In a recent study published in Nature Geosciences led by Chana Kranzler from the Thamatrakoln Lab at Rugers University, we examined how iron limitation in diatoms may affect viral infection.  Molecular datasets used in the study were derived from incubation experiments led by members of the Marchetti lab during the IrnBru cruise in the California Upwelling Zone in 2014 and a Line P cruise in the Northeast Pacific in 2015. The study found an interesting ecological trade-off in how growth limitation by low iron availability may result in diatoms being less vulnerable to viral infection by slowing down mortality and reducing viral replication.

Impaired viral infection and reduced mortality of diatoms in iron-limited oceanic regions

A Nature Geosciences news and views article about the study is available here.

New publication in mSystems!

March 30, 2021

Chaetoceros decipiens

Our new publication led by former Master’s student Rob Lampe was recently published in mSystems.  In this study we simulated the upwelling conveyor belt cycle (UCBC) to examine how a common diatom and coccolithophore originally isolated from the California upwelling zone respond to changes associated with the cycle.  In addition, we examined the effects of iron-limitation on how these two phytoplankton species cope with the UCBC.  Our findings show that the diatom Chaetoceros decipiens is particularly well-adapted to upwelling cycles.  Co-authors include current graduate student Johnson Lin and former undergraduate researcher Gustavo Hernandez.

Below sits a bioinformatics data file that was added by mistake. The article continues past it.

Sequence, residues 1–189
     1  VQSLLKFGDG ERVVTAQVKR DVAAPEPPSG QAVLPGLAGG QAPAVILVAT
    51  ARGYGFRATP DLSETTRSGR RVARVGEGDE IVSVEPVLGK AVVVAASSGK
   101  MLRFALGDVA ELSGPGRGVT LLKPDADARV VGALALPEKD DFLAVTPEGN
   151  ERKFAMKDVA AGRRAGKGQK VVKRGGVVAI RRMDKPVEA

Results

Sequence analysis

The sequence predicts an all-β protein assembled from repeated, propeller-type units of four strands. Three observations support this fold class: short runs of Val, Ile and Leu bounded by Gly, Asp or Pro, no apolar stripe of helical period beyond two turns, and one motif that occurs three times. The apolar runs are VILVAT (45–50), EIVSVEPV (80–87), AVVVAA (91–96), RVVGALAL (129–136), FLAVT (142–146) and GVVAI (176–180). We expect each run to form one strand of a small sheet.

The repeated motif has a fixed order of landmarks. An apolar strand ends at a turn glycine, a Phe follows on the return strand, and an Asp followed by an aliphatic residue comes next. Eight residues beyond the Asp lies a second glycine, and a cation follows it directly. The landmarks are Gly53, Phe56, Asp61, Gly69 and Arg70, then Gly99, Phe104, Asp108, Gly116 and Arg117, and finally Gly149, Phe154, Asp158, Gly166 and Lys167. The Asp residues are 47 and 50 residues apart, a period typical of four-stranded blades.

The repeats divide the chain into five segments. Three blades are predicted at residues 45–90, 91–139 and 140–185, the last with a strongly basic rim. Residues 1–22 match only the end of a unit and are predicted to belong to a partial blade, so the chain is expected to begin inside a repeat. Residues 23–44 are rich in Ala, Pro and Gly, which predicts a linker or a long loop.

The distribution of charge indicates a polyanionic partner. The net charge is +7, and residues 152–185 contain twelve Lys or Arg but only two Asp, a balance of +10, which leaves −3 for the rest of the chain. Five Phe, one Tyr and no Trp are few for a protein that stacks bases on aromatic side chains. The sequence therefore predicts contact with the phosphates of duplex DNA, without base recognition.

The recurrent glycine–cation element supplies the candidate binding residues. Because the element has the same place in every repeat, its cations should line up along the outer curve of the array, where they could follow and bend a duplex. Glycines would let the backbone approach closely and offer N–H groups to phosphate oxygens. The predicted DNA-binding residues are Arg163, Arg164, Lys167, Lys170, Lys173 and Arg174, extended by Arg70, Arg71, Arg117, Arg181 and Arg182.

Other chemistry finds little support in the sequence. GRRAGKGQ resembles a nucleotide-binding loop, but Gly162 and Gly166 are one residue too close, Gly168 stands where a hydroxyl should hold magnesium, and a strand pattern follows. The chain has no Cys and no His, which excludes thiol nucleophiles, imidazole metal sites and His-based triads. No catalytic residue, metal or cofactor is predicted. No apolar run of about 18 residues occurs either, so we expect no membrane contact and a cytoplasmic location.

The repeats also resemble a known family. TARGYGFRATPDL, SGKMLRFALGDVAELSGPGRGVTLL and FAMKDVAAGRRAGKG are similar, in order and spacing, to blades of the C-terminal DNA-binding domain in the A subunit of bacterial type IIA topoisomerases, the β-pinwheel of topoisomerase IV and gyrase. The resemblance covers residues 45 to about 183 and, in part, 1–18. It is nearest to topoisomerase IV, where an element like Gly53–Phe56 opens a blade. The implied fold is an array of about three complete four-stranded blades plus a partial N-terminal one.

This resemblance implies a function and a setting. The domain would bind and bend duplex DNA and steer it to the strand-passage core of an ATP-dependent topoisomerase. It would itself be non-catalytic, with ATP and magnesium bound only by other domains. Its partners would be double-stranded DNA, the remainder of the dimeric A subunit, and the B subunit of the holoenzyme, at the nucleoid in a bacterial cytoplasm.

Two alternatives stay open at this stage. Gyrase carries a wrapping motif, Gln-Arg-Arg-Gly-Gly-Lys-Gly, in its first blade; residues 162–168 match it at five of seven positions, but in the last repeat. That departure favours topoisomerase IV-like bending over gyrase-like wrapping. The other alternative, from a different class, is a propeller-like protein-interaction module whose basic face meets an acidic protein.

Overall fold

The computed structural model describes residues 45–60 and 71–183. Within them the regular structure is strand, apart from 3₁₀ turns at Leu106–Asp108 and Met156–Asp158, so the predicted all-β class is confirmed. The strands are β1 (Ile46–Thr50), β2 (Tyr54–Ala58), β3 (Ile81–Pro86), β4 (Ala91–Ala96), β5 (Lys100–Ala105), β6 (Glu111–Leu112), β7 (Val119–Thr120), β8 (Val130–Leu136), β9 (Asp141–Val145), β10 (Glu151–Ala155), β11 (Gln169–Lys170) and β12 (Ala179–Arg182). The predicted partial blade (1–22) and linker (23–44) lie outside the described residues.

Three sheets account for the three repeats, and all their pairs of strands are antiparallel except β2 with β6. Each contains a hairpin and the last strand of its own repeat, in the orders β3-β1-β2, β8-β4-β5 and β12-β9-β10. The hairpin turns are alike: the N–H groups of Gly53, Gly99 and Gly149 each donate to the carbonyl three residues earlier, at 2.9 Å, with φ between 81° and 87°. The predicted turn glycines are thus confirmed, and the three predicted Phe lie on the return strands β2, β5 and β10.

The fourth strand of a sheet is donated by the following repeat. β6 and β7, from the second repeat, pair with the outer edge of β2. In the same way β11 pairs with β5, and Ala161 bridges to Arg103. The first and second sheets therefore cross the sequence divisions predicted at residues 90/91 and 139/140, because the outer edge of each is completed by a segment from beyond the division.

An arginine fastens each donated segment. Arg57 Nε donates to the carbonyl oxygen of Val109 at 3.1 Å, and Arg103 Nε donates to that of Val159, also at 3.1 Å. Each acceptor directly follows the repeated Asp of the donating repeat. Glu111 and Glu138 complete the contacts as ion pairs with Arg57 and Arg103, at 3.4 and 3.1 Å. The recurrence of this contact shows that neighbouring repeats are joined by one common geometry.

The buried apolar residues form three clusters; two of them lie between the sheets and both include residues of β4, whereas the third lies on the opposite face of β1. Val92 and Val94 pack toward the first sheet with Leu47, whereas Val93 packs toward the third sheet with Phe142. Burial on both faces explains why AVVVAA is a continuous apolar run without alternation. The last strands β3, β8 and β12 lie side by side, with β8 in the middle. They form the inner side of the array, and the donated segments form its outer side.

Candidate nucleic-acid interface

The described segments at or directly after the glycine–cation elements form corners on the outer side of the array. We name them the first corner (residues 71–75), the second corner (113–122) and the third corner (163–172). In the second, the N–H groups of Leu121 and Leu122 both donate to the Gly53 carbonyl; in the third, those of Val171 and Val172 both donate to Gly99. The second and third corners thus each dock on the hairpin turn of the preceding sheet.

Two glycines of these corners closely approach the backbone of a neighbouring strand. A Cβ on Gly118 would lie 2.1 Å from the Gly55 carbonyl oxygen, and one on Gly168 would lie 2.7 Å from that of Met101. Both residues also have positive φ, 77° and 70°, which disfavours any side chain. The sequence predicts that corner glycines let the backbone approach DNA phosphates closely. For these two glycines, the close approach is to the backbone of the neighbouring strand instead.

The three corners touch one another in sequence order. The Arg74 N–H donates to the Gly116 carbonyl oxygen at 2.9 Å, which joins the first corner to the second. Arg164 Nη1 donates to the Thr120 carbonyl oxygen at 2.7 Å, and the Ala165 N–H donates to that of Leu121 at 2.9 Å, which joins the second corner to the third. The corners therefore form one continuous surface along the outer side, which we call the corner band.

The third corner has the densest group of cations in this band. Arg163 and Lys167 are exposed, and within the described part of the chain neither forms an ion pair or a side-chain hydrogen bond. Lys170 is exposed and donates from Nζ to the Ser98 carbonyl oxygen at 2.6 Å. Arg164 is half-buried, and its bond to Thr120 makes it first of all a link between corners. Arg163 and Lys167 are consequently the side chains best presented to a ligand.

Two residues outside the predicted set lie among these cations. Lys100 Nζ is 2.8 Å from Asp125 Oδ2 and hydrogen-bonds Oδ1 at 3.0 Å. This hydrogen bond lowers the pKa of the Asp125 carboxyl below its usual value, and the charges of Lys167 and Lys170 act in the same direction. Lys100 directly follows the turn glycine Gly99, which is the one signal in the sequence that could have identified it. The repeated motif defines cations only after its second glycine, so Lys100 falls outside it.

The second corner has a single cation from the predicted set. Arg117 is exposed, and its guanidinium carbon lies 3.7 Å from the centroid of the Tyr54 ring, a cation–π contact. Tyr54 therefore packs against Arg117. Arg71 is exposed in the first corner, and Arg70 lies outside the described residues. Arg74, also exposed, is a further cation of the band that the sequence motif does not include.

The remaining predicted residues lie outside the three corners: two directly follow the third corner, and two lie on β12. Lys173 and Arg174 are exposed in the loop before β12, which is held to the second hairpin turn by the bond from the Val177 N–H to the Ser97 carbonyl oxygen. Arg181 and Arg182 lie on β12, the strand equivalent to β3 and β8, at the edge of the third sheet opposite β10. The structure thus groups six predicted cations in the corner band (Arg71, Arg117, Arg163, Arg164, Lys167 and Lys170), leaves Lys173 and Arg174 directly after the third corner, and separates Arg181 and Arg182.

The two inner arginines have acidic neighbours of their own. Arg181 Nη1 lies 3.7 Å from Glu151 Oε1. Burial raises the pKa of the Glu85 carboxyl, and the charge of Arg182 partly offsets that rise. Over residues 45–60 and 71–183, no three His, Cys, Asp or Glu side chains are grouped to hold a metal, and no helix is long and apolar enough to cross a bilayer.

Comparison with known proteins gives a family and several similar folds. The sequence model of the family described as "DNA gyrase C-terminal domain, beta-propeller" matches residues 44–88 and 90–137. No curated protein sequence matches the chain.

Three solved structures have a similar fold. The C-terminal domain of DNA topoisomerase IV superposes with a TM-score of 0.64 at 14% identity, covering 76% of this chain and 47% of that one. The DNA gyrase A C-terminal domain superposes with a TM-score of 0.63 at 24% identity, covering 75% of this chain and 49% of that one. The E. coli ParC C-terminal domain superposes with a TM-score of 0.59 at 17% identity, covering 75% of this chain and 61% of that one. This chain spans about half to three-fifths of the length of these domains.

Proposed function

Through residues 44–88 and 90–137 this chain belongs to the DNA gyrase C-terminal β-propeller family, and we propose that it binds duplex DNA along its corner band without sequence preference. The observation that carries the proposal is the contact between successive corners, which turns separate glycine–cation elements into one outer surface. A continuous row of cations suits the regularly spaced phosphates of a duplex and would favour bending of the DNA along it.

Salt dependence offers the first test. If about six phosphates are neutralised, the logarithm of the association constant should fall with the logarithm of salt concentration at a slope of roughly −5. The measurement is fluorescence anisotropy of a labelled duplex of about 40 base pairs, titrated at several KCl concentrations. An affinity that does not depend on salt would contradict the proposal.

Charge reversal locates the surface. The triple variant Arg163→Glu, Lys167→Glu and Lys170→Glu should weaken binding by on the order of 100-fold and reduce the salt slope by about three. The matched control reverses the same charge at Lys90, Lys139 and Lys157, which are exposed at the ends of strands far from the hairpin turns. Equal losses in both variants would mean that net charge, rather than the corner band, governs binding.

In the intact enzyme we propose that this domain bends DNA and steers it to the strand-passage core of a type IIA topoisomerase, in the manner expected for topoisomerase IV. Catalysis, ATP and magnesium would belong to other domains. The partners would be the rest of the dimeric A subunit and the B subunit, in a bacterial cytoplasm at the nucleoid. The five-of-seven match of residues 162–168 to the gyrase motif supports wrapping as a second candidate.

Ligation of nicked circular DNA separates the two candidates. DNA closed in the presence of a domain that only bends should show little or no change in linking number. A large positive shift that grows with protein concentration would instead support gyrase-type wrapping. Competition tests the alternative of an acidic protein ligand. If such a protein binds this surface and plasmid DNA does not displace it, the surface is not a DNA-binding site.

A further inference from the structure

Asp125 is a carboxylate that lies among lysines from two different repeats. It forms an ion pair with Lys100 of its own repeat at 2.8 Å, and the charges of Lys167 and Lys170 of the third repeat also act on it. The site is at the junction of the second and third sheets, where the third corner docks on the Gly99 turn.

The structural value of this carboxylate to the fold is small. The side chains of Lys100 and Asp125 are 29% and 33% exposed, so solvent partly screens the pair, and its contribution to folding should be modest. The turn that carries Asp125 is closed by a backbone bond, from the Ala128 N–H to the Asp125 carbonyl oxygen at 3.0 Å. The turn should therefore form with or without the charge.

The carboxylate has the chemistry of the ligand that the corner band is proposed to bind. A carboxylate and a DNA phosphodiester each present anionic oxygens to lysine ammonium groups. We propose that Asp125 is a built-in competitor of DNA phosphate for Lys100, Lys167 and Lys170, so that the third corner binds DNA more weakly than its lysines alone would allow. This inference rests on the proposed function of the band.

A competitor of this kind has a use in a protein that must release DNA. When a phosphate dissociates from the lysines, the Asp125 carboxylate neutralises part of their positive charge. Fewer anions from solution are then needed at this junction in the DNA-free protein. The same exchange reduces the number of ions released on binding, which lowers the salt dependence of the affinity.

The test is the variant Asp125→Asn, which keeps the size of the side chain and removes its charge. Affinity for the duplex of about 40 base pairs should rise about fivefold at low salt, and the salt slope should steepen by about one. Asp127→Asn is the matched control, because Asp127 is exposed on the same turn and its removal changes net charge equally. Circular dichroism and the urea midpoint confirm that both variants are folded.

Representative Diatom and Coccolithophore Species Exhibit Divergent Responses throughout Simulated Upwelling Cycles

Carly defends her Ph.D. thesis!

Oct. 29, 2020

Congratulations to Dr. Carly Moreno who successfully defended her Ph.D. thesis titled ‘Coupled molecular physiology and ecology of Southern Ocean diatoms in response to shifting iron and light availability’. Carly’s research investigated how polar diatoms acclimate and adapt to varying iron concentrations and light levels, providing new insights into how phytoplankton communities may shift in rapidly changing polar environments.  The punchline is that not all diatoms are created equal!


New publication in Environmental Microbiology!

September 19, 2020

Our new publication led by former Ph.D. student Weida Gong was recently published in Environmental Microbiology.  In this study why compare and contrast multiple approaches for taxonomic identification of eukaryotic phytoplankton in the Neuse River Estuary and examine the environmental factors that influence phytoplankton composition.  Our findings provide additional support and validation for the integration of environmental genomics into coastal water quality monitoring programs.

Phytoplankton composition in a eutrophic estuary: Comparison of multiple taxonomic approaches and influence of environmental factors

New publication in Limnology and Oceanography!

February  7, 2020

Our new publication led by Ph.D. candidate Carly Moreno was recently published in the journal Limnology and Oceanography.  In this study we examine the interactive response of the Southern Ocean diatom Fragilariopsis kerguelensis to changes in light and iron.  The transcriptome analysis reveals mechanisms that may underpin the ecological success of this diatom in low iron and light environments, highlighting the important role of diversified photosynthetic isoforms, iron acquisition, unique detoxification mechanisms of reactive oxygen species, and metabolic shifts in amino acid recycling and carbon metabolism.

Interactive effects of iron and light limitation on the molecular physiology of the Southern Ocean diatom Fragilariopsis kerguelensis